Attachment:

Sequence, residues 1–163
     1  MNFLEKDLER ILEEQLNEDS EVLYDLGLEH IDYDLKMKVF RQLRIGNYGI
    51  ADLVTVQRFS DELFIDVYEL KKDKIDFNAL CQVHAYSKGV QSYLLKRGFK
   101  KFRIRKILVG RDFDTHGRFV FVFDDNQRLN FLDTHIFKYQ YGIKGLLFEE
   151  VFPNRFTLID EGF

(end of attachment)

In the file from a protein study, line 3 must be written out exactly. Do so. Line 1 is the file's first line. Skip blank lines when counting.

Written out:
    51  ADLVTVQRFS DELFIDVYEL KKDKIDFNAL CQVHAYSKGV QSYLLKRGFK